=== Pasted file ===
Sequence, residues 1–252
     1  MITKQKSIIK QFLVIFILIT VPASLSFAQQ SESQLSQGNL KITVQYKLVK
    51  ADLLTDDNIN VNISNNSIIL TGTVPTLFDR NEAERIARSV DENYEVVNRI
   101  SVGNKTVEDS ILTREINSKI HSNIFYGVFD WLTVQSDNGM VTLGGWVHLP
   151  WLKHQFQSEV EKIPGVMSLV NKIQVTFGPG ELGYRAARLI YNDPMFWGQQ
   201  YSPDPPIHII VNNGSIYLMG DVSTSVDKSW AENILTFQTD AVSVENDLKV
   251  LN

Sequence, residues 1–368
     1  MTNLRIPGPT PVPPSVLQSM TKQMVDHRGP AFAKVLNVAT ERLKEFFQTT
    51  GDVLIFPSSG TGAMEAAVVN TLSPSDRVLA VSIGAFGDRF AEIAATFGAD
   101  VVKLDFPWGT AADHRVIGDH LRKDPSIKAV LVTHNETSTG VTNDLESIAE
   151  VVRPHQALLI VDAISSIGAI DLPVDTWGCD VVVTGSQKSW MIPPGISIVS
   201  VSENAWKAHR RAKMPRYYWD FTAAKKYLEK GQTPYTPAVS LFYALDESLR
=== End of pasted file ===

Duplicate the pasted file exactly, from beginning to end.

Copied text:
Sequence, residues 1–252
     1  MITKQKSIIK QFLVIFILIT VPASLSFAQQ SESQLSQGNL KITVQYKLVK
    51  ADLLTDDNIN VNISNNSIIL TGTVPTLFDR NEAERIARSV DENYEVVNRI
   101  SVGNKTVEDS ILTREINSKI HSNIFYGVFD WLTVQSDNGM VTLGGWVHLP
   151  WLKHQFQSEV EKIPGVMSLV NKIQVTFGPG ELGYRAARLI YNDPMFWGQQ
   201  YSPDPPIHII VNNGSIYLMG DVSTSVDKSW AENILTFQTD AVSVENDLKV
   251  LN

Sequence, residues 1–368
     1  MTNLRIPGPT PVPPSVLQSM TKQMVDHRGP AFAKVLNVAT ERLKEFFQTT
    51  GDVLIFPSSG TGAMEAAVVN TLSPSDRVLA VSIGAFGDRF AEIAATFGAD
   101  VVKLDFPWGT AADHRVIGDH LRKDPSIKAV LVTHNETSTG VTNDLESIAE
   151  VVRPHQALLI VDAISSIGAI DLPVDTWGCD VVVTGSQKSW MIPPGISIVS
   201  VSENAWKAHR RAKMPRYYWD FTAAKKYLEK GQTPYTPAVS LFYALDESLR